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European cupboard laundry with white bi-fold doors, contemporary stone benchtop and modern shelving
It may be hidden behind closed doors, but a cupboard laundry can still be a joy to behold. Black accents make a style heavyweight of this small space, so you’ll almost want to keep the doors open!

The beauty of functional design

Contemporary design celebrates simplicity which, in the context of a laundry, might mean embracing the purely functional nature of the chore space and adopting a utilitarian, almost industrial aesthetic. Take it as an opportunity to showcase structural materials – steel, concrete or plywood – to create a look that’s urban, edgy and architectural.

A picture of a contemporary laundry

The antithesis of bright and shiny, matt black hardware lends this space an industrial edge. Use it as a fingerprint-free surface for sinks and tapware, or extend it to handles and metal shelving for added punch. Open shelves, like this Kaboodle wall shelf, aren’t as bulky as closed-in wall cabinets and help to celebrate the laundry as a working space, where grab-and go-essentials should be at our fingertips. Textured baskets add softness and warmth, but function as cleaning caddies to hide away those things you don’t want on display.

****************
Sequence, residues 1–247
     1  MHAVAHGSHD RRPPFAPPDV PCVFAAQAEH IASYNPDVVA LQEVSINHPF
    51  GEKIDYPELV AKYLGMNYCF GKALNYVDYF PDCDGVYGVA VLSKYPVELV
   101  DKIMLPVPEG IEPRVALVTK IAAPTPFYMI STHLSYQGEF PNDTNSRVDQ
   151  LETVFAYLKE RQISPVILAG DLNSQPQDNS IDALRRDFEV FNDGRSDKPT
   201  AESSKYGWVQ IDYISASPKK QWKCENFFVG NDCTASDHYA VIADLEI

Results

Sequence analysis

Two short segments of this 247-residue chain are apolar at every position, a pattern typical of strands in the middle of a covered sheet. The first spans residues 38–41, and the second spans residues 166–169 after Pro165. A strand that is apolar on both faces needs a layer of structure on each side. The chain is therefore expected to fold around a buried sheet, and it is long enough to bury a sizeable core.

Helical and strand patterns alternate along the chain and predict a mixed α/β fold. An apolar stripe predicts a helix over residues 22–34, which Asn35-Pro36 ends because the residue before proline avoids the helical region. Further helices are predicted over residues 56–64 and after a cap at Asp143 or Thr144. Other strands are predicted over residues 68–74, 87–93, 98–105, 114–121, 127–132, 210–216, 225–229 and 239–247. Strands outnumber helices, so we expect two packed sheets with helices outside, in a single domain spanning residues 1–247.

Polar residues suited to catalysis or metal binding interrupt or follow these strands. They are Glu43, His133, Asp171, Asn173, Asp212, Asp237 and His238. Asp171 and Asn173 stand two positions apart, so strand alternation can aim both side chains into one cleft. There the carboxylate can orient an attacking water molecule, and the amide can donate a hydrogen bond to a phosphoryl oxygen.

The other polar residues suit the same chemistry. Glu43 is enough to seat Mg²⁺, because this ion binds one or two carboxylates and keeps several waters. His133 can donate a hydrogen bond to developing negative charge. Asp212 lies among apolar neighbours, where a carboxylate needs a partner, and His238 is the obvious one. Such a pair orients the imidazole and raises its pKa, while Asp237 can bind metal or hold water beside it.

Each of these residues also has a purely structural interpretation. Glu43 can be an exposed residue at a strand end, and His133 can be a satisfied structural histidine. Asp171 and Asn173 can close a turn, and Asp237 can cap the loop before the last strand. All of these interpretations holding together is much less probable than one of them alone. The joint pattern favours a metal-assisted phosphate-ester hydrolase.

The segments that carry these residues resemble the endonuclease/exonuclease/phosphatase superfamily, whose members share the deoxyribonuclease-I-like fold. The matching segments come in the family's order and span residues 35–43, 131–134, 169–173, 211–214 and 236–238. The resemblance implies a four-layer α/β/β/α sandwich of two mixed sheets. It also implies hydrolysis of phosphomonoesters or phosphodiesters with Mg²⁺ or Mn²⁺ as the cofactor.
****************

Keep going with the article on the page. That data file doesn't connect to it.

Concrete is experiencing a renaissance as a hero material of contemporary design, used for floors and benchtops, but it can be more expensive and higher maintenance than other materials. Instead, this laundry uses high-performance alternatives – a cement-look stone benchtop and ceramic floor tiles – to capture the look.

Mix it up

Clean-cut contemporary design loves an industrial-chic palette of concrete, timber and blackened steel but, even within this scheme, there’s plenty of room for experimentation. Swap out cement-look benchtops or steel shelves for oak, and white cabinetry for grey. Just keep the overall look clean and ready for action.

More laundry inspiration…

Take a look at our crisp Scandi laundry design guide.

 

Photo Credit: Alejandro Sosa 3D

Suggested products

More D.I.Y. Advice

Health & Safety

Asbestos, lead-based paints and copper chromium arsenic (CCA) treated timber are health hazards you need to look out for when renovating older homes. These substances can easily be disturbed when renovating and exposure to them can cause a range of life-threatening diseases and conditions including cancer. For information on the dangers of asbestos, lead-based paint and CCA treated timber and tips for dealing with these materials contact your local council's Environmental Health Officer or visit our Health & Safety page.

When following our advice in our D.I.Y. videos, make sure you use all equipment, including PPE, safely by following the manufacturer’s instructions. Check that the equipment is suitable for the task and that PPE fits properly. If you are unsure, hire an expert to do the job or talk to a Bunnings Team Member.